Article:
The Three Types of Witnesses in Criminal Trials

March 12, 2022 Criminal Defense

Witnesses are incredibly important in criminal cases. Witness testimony provides essential evidence, expert knowledge on dispositive issues, character assessments, and personal knowledge. There are three types of witnesses that generally are called to testify for the state or the defense. These include lay witnesses, expert witnesses, and character witnesses.

Lay Witnesses

According to Florida Evidence Code 90.701, if a witness is not testifying as an expert, the [lay] witness’s testimony about what he or she perceived may be in the form of inference and opinion when:

(1) The witness cannot readily, and with equal accuracy and adequacy, communicate what he or she has perceived to the trier of fact without testifying in terms of inferences or opinions and the witness’s use of inferences or opinions will not mislead the trier of fact to the prejudice of the objecting party; and

(2) The opinions and inferences do not require special knowledge, skill, experience, or training.

Lay witnesses are the most common type and are usually people who watched the events unfold and can describe what they saw.

Expert Witness

According to Florida Evidence Code 90.702, if scientific, technical, or other specialized knowledge will assist the trier of fact in understanding the evidence or in determining a fact in issue, a witness qualified as an expert by knowledge, skill, training, or education may testify about it in the form of an opinion or otherwise, if:

(1) The testimony is based upon sufficient facts or data;

(2) The testimony is the product of reliable principles and methods; and

(3) The witness has applied the principles and methods reliably to the facts of the case.

An expert is generally a specialist in a certain area, and they may testify with respect to their specialty area only. They must be qualified as an expert using the appropriate standard.

Character Witness

Character witnesses generally testify on behalf of the defendant as to their positive character traits and reputation. But character witnesses can also be negative and testify as to the unseemly character of a party to the litigation. Often, character witnesses will be the defendant or victim’s neighbors, family, partners, friends, or religious representatives.

Florida Evidence Code 90.404 discusses the use of character evidence and when it can be used against the accused, victim, and what matters these witnesses can testify to.

Case Illustration

In L.L v. State, the 3rd District court had to distinguish between lay and expert testimony. In that case, a police officer testified that he smelled marijuana coming from the defendant and that the defendant was in possession of a plastic bag that contained marijuana. The defendant objected to the officer’s testimonies about the smell of marijuana and the substance in the bag as it was improper lay opinion and constituted expert opinion testimony. Lay opinion testimony is based on the unspecialized knowledge of an observer, while expert testimony must pass the Daubert standard. The trial court allowed the officer’s testimony. When the defendant appealed, the issue was whether the officer’s testimony was improper lay opinion. The 3rd District held that the officer’s testimony was proper lay witness opinion under Florida Evidence Code 90.701. The court stated that:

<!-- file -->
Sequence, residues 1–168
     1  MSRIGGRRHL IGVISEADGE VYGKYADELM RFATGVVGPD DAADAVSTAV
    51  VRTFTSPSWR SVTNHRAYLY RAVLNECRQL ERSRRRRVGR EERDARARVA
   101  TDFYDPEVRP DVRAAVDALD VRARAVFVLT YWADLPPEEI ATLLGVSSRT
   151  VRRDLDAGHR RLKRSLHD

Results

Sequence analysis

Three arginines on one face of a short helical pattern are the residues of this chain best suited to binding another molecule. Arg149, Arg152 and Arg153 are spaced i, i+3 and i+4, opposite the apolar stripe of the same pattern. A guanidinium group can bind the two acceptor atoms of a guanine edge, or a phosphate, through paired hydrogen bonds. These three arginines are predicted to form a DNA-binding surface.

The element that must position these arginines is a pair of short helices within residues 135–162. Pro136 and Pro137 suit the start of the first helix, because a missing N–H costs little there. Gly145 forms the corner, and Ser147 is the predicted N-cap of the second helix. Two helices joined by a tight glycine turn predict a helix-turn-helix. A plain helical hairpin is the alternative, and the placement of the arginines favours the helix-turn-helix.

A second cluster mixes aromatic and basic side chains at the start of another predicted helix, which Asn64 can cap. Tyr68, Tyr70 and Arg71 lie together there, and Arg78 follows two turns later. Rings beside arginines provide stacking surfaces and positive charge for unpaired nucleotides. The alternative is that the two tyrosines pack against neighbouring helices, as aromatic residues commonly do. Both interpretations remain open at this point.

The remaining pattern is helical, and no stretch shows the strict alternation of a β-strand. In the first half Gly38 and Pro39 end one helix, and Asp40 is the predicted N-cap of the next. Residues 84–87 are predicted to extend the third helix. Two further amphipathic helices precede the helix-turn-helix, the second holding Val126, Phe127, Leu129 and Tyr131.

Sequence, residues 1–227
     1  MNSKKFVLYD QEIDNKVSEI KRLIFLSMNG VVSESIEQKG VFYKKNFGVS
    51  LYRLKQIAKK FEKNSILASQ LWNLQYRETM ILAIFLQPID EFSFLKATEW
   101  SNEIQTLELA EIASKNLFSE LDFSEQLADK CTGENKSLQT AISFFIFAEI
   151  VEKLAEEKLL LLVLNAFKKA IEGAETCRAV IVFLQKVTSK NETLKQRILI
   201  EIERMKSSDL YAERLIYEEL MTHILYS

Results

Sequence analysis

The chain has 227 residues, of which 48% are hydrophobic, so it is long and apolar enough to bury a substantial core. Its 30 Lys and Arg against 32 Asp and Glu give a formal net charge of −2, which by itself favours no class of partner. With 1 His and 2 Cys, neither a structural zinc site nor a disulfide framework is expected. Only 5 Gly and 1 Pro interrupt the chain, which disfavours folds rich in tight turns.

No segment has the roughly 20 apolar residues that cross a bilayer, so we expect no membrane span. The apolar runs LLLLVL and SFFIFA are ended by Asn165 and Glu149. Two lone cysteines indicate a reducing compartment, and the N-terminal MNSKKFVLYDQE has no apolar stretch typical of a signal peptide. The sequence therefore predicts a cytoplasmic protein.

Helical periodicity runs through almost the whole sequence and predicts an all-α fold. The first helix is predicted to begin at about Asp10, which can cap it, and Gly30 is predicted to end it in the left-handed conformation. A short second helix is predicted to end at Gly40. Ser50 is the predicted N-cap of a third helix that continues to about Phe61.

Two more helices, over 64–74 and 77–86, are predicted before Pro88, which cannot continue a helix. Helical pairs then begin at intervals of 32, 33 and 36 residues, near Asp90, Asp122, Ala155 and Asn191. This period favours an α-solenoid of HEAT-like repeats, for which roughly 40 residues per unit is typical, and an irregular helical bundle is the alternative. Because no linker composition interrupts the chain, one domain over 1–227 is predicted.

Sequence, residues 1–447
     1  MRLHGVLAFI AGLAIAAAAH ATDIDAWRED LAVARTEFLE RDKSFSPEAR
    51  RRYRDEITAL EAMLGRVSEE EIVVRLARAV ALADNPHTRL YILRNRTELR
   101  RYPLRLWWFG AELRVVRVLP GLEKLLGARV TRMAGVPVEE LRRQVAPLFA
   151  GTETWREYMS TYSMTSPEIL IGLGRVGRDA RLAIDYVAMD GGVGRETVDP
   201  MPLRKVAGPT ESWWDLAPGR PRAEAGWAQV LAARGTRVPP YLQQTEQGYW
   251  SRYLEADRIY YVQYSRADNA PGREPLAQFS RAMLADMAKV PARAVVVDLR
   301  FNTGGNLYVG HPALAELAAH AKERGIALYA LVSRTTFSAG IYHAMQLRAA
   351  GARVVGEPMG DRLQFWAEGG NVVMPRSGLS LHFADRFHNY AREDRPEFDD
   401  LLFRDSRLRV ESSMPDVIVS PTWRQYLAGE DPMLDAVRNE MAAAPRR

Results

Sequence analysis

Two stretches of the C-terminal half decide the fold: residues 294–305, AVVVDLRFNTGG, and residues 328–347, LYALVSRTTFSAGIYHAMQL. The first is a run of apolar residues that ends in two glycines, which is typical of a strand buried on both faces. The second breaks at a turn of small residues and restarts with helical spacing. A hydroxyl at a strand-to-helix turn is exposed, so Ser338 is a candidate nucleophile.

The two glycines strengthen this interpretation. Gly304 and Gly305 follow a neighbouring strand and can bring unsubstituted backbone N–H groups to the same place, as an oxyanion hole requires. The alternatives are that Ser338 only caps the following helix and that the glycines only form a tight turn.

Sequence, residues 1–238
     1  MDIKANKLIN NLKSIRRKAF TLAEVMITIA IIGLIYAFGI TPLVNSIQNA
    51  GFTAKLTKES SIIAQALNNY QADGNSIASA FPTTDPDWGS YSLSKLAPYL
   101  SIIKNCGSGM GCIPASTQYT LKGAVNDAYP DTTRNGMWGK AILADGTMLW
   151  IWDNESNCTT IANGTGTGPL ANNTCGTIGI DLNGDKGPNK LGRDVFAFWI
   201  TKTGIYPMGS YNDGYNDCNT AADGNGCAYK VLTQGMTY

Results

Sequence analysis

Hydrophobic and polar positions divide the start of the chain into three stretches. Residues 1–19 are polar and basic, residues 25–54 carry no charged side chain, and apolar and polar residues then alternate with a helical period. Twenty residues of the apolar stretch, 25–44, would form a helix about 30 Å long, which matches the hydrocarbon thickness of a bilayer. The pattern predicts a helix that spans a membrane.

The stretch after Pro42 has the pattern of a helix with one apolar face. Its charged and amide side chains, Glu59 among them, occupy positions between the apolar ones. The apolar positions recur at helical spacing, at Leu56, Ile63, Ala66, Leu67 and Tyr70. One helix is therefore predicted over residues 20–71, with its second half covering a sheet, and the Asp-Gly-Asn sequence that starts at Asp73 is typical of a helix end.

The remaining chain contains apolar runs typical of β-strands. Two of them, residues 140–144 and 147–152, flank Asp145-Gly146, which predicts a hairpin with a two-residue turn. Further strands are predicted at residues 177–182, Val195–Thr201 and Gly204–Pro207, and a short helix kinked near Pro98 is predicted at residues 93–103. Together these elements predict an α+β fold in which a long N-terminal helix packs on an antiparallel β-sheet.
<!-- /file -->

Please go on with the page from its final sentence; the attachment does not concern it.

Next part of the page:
In addition to the requirement that lay opinion testimony be based on the personal knowledge and perception of the witness, the Advisory Committee Notes explain that courts should consider the witness’s method of reasoning: “the distinction between lay and expert witness testimony is that lay testimony ‘results from a process of reasoning familiar in everyday life,’ while expert testimony ‘results from a process of reasoning which can be mastered only by specialists in the field.‘ ” …As one scholar has explained:

[T]he distinction lies in whether the witness’s reasoning process entails a reliable methodology beyond everyday reasoning. A lay witness, however experienced, offers no methodology beyond ordinary reasoning. An expert is equipped to draw more sophisticated, yet still reliable, inferences. The crux of expert testimony is that it presents inferences that are supported through the application of a reliable methodology. Thus, the witness who relies on experience to support an expert opinion cannot simply claim insights arrived at by applying everyday reasoning to that experience base but must explain the methodology employed to reach that opinion. An experienced witness who does not bring such methodology to bear should be subject to the restrictions of the lay opinion rule.

Anne Bowen Poulin, Experience–Based Opinion Testimony: Strengthening the Lay Opinion Rule, 39 Pepp. L.Rev. 551, 578–79 (2012) (emphasis added)).

Tallahassee Criminal Defense Attorney

If you or a loved one has been accused of a crime in Florida, knowing which witnesses will be most beneficial to your case is incredibly important. Contact a knowledgeable Tallahassee criminal defense attorney to consult with and advise you on life-altering decisions. Don Pumphrey and the members of the legal team at Pumphrey Law Firm have decades of experience litigating in the state of Florida and will ensure your case is handled with care and diligence. Contact us today at (850) 681 – 7777 or send an online message today to discuss your legal matter during an open and free consultation with an attorney in our team.

Written by Gabi D’Esposito

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